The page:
Was honoured to participate in @GlobalThursdayTalks this past week. Thank you Fatma Mizikaci and Eda Ata from University of Ankara for organizing these events and the invitation to participate. Also thanks to everyone who attended the live event. Here’s the video of the interview.
Call for Papers: The Labour of COVID section of Workplace: A Journal for Academic Labour
As instructors and students brace for a fall semester taught on-line, the effects of COVID on the labour of post-secondary learning continue to set in. Course outlines and assessment criteria are being reworked. Students wrestle with rising tuition and the prospects of prolonged periods of unemployment. As recent Canadian Association of University Teachers survey results suggest, the pandemic is making higher education even less tenable for current and prospective students. International students stuck in their home countries will be forced to participate in classes across time zones. Research programs are being put on hold. Making matters worse, the gutting of teaching and learning resources at some universities have forced administrators to piece together support for instructors and staff ill-equipped to make the transition on-line. Workloads have increased. But in the midst of this crisis, some post-secondary institutions seek opportunity to advance particular agendas. It was only after significant backlash from students and lecturers that the UK’s Durham University halted its attempt at providing online-only degrees in its effort to significantly cut in-person teaching. In Alberta, the government has merely delayed a performance-based funding model as a result of COVID, signaling that austerity, not improving the quality of education, is driving policy decisions. Meaningful interventions by faculty associations have been limited as the collegial governance process is sidelined for the sake of emergency pandemic measures. And what of academic and support staff who face increase workloads and the prospects of limited child care when the fall semester resumes? To this concern, what are the gendered effects of COVID? What do these circumstances mean for precariously employed sessional and term instructors? This special edition of Workplace invites all academic workers to make sense of COVID through a work and employment lens. Possible themes include:
- Faculty association responses to a shift towards on-line education
- “Mission creep” and the lure of distant learning for post-secondary institutions: opportunities and threats
- The gendered and racialized implications of COVID in the classroom and on campus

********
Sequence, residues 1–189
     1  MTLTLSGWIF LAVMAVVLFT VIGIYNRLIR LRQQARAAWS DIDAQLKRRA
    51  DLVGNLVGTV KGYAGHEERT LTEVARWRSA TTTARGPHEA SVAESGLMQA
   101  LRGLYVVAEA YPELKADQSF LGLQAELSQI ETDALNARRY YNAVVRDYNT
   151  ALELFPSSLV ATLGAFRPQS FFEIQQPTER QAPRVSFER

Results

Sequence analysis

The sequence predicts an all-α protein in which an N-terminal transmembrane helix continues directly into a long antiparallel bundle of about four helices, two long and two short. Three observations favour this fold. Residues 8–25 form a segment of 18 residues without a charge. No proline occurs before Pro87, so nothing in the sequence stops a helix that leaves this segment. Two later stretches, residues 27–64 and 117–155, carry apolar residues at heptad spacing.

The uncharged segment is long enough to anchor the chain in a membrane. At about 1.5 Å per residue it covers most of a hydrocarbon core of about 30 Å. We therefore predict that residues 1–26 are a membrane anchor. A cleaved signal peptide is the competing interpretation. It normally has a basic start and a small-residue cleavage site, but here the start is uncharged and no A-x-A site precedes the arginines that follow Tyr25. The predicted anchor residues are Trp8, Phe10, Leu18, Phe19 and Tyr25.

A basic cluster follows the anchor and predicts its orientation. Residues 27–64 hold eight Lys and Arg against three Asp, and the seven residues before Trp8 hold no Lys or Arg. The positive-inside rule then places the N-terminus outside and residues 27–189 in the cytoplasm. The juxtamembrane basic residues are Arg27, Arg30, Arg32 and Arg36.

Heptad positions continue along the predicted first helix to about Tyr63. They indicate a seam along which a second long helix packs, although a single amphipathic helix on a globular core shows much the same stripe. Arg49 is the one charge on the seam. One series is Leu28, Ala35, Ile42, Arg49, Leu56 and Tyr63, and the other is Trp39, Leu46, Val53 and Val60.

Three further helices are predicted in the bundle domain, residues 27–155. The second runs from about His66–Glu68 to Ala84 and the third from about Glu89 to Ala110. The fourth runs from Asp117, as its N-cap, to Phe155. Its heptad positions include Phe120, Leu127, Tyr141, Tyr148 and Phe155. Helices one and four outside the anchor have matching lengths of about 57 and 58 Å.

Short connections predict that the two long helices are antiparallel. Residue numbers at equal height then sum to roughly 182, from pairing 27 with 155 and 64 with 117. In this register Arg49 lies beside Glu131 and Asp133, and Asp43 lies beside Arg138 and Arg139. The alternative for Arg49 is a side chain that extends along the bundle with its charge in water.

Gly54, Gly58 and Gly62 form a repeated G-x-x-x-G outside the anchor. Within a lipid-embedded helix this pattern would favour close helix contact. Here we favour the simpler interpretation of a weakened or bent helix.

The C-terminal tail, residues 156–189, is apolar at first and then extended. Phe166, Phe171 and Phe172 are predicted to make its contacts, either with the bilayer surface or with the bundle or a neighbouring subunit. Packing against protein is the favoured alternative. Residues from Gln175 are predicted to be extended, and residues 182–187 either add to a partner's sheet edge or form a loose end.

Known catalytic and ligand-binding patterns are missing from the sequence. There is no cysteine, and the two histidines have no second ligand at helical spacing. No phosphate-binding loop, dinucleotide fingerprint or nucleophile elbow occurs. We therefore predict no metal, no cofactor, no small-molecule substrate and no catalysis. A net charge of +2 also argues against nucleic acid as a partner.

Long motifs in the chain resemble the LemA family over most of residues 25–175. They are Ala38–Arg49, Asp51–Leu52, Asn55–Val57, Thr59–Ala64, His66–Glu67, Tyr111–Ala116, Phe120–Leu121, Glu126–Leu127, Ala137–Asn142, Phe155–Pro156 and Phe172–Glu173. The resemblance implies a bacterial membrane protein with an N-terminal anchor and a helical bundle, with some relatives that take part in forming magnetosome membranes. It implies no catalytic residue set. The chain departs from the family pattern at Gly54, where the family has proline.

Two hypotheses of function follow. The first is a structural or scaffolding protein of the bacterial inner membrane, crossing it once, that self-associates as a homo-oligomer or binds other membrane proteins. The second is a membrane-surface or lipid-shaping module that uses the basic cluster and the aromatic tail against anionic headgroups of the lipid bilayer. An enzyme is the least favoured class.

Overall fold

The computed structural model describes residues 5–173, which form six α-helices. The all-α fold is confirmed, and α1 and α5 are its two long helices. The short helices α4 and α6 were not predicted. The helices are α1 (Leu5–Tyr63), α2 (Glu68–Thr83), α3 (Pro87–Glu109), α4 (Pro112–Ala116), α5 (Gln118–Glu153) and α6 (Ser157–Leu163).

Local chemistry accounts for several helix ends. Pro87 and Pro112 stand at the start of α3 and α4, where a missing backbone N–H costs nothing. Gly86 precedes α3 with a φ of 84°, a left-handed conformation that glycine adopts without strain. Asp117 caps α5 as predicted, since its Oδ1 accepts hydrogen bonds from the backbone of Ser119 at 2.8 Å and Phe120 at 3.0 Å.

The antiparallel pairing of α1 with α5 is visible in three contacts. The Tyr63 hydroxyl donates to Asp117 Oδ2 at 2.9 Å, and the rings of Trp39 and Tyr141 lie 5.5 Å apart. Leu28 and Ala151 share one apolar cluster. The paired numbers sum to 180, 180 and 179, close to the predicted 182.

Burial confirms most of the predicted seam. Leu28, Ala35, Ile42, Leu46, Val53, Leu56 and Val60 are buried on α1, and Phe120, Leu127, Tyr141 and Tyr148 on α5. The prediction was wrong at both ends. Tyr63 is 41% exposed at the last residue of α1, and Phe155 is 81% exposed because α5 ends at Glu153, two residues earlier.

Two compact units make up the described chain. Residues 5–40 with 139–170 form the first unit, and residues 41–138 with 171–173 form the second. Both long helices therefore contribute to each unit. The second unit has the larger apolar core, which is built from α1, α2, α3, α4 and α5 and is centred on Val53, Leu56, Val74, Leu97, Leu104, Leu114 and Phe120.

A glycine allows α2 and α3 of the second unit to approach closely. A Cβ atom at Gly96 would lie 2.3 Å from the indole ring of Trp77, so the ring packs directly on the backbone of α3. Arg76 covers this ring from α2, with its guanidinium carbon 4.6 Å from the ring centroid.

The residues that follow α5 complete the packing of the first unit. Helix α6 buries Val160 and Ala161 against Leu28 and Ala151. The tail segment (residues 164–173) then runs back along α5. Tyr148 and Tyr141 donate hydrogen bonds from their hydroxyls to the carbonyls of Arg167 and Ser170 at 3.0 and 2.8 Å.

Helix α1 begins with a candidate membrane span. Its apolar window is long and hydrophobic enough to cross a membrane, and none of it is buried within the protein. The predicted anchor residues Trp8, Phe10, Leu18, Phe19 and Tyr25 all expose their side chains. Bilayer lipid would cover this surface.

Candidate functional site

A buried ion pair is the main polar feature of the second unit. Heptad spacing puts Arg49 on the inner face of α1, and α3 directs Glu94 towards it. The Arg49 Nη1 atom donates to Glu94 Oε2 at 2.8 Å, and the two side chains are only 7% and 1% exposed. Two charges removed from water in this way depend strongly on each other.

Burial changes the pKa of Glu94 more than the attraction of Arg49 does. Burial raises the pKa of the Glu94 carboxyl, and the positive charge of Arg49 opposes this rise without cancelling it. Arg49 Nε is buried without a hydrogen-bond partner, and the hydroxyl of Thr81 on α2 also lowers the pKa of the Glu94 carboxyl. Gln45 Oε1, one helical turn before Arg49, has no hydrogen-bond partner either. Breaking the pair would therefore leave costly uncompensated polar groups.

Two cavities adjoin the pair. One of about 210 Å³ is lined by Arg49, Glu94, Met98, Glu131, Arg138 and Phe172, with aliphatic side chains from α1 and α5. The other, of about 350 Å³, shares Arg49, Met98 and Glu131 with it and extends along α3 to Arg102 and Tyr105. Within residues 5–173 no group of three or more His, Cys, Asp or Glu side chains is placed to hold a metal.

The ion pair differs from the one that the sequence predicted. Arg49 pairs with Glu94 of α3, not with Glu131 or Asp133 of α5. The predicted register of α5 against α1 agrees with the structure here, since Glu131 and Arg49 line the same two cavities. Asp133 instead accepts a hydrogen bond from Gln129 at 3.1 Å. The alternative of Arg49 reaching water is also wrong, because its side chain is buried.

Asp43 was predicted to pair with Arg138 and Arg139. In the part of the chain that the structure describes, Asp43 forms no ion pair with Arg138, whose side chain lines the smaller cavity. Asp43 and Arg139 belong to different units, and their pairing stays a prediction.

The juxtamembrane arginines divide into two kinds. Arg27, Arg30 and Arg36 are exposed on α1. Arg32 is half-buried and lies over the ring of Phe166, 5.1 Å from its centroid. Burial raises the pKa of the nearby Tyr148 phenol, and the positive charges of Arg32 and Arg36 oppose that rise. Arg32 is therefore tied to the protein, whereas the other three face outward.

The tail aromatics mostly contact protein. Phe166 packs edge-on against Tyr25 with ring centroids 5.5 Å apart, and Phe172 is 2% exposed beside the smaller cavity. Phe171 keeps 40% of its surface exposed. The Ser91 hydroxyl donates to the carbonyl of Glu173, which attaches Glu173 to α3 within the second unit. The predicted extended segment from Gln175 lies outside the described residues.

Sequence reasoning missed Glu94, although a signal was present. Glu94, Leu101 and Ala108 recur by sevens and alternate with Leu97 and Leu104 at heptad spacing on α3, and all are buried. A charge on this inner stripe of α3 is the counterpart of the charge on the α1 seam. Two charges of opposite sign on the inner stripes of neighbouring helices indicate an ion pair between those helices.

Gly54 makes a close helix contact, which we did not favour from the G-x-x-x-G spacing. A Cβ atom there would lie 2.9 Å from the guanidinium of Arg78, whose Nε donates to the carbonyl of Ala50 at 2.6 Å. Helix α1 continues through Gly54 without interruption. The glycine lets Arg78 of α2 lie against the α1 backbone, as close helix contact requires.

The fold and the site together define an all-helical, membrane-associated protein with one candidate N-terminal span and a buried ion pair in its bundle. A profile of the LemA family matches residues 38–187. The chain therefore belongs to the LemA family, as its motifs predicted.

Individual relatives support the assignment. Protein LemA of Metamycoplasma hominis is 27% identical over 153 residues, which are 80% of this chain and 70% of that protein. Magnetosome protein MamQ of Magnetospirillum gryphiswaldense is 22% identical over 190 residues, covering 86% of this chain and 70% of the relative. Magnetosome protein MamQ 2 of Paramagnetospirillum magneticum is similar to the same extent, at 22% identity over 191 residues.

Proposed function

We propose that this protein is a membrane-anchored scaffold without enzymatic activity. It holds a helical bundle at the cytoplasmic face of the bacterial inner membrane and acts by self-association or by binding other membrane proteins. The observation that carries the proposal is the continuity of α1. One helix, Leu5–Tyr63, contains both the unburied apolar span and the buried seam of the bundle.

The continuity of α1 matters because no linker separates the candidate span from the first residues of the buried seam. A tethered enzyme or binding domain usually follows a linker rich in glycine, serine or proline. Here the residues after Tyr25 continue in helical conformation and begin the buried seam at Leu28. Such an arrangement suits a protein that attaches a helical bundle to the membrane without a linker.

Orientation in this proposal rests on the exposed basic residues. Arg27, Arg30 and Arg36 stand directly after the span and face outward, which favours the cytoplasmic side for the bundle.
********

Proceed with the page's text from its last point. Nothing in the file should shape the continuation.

- Implications for sessionals, adjuncts and the precariously employed
- COVID and workplace accommodations: from child care to work refusals
- Student experiences and responses
- COVID and performance-based funding policies
- COVID and the collective bargaining process
- Internationalization and the COVID campus
Aim and Scope: Workplace: A Journal for Academic Labor is a refereed, electronic, open access journal published by a collective of scholars in critical higher education promoting a new dignity in academic work. Contributions are aimed primarily at higher education workplace activism and dialogue on all issues of academic labour.
Invitations: Contributions from all ranks of academic workers – from tenured and tenure stream to graduate students, sessional instructors, contract faculty, and administrative support staff – are encouraged to submit.
Deadlines: Submissions will be considered for peer review and publications on a rolling basis. The final deadline is February 28, 2021. A complete volume of The Labour of COVID will be complete and made available in the spring of 2021. Formatting and submission guidelines can be found here
Please direct questions about the special issue to Dr. Andrew Stevens at Andrew.email@example.com
Special Issue of Workplace
Karen Lynn Gregory & Joss Winn
Articles in Workplace have repeatedly called for increased collective organisation in opposition to a disturbing trajectory in the contemporary university… we suggest that there is one response to the transformation of the university that has yet to be adequately explored: A thoroughgoing and reflexive critique of academic labor.
Table of Contents
- Marx, Engels and the Critique of Academic Labor
Karen Lynn Gregory, Joss Winn
- Towards an Orthodox Marxian Reading of Subsumption(s) of Academic Labour under Capital
- Re-engineering Higher Education: The Subsumption of Academic Labour and the Exploitation of Anxiety
Richard Hall, Kate Bowles
- Taxi Professors: Academic Labour in Chile, a Critical-Practical Response to the Politics of Worker Identity